Shak­ing trust…

In an in­dus­try based on trust

Finweek English Edition - - Creating wealth - BY SHAUN HAR­RIS shaunh@fin­week.co.za SHAUN HAR­RIS

A LOT MORE DIRT will be shaken out of the Fi­den­tia scan­dal as sor­did de­tails emerge over com­ing weeks and months. There are a few clear-cut bad guys here – so bad they look like a stereo­type in a novel – but there are also the un­wit­ting “in­no­cents” whose big­gest crime is ig­no­rance and not en­sur­ing they car­ried out their du­ties prop­erly – the trustees.

Just as you can be sure a lot of the “miss­ing” money won’t be re­cov­ered, so you can be sure that trustees of funds who com­mit­ted mem­bers’ money to Fi­den­tia will be im­pli­cated.

And not just the ex­treme ex­am­ples like busi­ness­woman Danisa Baloyi. I was amazed to read, af­ter it emerged she’s a share­holder in Fi­den­tia, a trustee on the board of its largest client and has an R8m loan from them, her re­ported quote that she did not see a con­flict of in­ter­est of any sort. Please. I look for­ward to de­ci­pher­ing her re­sponse to the cu­ra­tors’ re­port to­wards the end of next month.

How­ever, many trustees of funds linked to Fi­den­tia are prob­a­bly shak­ing their heads, won­der­ing how this all hap­pened and not quite re­al­is­ing they could be in a lot of dwang. If any­thing good can come out of this mess – and I know it seems un­likely at this stage – it’s that the broader trustee group in the coun­try learns some­thing.

Kenny Meir­ing, mar­ket­ing strate­gist at Metropoli­tan Em­ployee Ben­e­fits, be­lieves the Fi­den­tia de­ba­cle will have a pro­found ef­fect on the pen­sion fund in­dus­try. “The scan­dal broke at an in­ter­est­ing time when the draft amend­ment bill to the Pen­sion Funds Act – though not im­plic­itly stated – puts greater obli­ga­tions on trustees in gen­eral.”

Not­ing th­ese is­sues are fleshed out in greater de­tail in Na­tional Trea­sury’s dis­cus­sion pa­per on trustees, Meir­ing says there’s a push to­wards mak­ing the av­er­age trustee per­son­ally li­able for the per­for­mance of a fund, “but the Fi­den­tia is­sue could lead to more oner­ous obli­ga­tions on trustees”.

It will also cast more sus­pi­cion on what Magda Wierzy­cka, CE of Syg­nia As­set Man­age­ment, calls “an al­ready bat­tered fi­nan­cial ser­vices in­dus­try”.

“In re­al­ity, the whole in­dus­try ex­ists on the ba­sis of trust. If there’s a breach of that trust, the whole sec­tor suf­fers.” Wierzy­cka says few boards of trustees have, to date, con-

They had no idea where the “miss­ing mil­lions” they were en­trusted to pro­tect had been in­vested.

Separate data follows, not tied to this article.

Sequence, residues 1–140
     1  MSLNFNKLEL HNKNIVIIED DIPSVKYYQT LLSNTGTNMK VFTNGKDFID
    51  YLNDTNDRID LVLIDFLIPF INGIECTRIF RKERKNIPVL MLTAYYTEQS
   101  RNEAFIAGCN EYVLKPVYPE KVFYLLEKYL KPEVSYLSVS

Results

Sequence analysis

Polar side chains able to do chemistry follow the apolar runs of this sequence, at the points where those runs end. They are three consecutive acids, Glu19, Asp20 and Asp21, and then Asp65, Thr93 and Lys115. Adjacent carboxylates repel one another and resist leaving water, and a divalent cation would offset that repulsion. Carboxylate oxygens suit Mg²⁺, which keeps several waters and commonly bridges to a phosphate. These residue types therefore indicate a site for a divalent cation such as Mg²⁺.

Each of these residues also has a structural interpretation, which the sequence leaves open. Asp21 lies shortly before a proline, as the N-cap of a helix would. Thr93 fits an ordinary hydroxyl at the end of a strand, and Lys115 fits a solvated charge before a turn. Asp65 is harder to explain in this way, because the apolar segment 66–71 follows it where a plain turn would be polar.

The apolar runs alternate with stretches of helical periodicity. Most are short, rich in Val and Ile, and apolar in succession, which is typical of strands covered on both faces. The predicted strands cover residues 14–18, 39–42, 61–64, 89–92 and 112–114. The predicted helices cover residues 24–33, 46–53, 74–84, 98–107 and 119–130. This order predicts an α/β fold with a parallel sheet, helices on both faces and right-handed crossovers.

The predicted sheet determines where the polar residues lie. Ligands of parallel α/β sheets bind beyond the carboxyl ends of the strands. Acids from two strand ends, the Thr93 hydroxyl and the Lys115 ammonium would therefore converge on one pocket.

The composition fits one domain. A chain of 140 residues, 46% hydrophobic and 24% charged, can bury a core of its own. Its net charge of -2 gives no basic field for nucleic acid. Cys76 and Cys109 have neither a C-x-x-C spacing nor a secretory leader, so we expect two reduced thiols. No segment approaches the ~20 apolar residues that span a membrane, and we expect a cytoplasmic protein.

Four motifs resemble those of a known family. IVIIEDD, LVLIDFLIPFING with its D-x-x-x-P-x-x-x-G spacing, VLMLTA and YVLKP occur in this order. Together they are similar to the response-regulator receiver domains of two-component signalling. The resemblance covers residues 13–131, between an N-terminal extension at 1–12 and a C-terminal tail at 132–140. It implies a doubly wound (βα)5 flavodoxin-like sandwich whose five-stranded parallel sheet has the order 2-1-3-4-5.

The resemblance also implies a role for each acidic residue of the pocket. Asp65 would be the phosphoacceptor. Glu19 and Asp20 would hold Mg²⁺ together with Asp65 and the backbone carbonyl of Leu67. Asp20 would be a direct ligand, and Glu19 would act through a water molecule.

cerned them­selves about the se­cu­rity of their as­sets once passed on to as­set man­agers. “Few ques­tion how their as­sets are pro­tected from fraud, or mis­ap­pro­pri­a­tion. Most would be un­able to demon­strate that they have asked even the most rudi­men­tary of ques­tions. And yet, they are per­son­ally li­able should any­thing go wrong.”

This is where many Fi­den­tia-re­lated trustees could be fac­ing se­ri­ous ques­tions, and pos­si­ble ac­tion. It seems they had no idea where the “miss­ing mil­lions” they were en­trusted to pro­tect had been in­vested. Wierzy­cka of­fers some ba­sic ques­tions trustees should be ask­ing their as­set man­agers (see sep­a­rate box).

She also lists the many ways fund as­sets can be re­moved, not­ing there’s lit­tle that can be done if there’s col­lu­sion be­tween two or more par­ties. “Sit­u­a­tions such as Fi­den­tia scare a lot of trustees, as they should. The con­cept of gov­er­nance within re­tire­ment funds needs to take a stronger hold in South Africa. How­ever, the truth is that as­set man­age­ment is a trust in­dus­try. If that trust is ex­ploited noth­ing can to­tally pro­tect the trustees against crim­i­nal in­tent.”

There are also more prac­ti­cal is­sues to look at, and one – clearly a con­cern to Na­tional Trea­sury based on its pa­per – is the com­po­si­tion of a board of trustees. Meir­ing sums it up by say­ing “beware” of em­ployer-ap­pointed, ser­vice-provider-ap­pointed or union-ap­pointed trustees. “The im­por­tant con­sid­er­a­tion is – are they act­ing in the in­ter­ests of the fund, or in the in­ter­ests of their con­stituency?”

One pos­si­ble so­lu­tion, he notes, is the ap­point­ment of a strong in­de­pen­dent trustee to the board. Ideally, that should be the way trustee­ship is mov­ing, but there are prob­lems – some unions ob­ject, feel­ing their in­flu­ence is be­ing com­pro­mised, and some em­ploy­ers don’t like out­siders on the board.

There’s also the ad­di­tional costs as­so­ci­ated with in­de­pen­dent trustees, a very real con­cern of smaller funds. But in the end it comes down to money well spent. Bet­ter to spend more than in­crease the risk of los­ing ev­ery­thing.

Beware who’s ap­point­ing the trustee. Kenny Meir­ing

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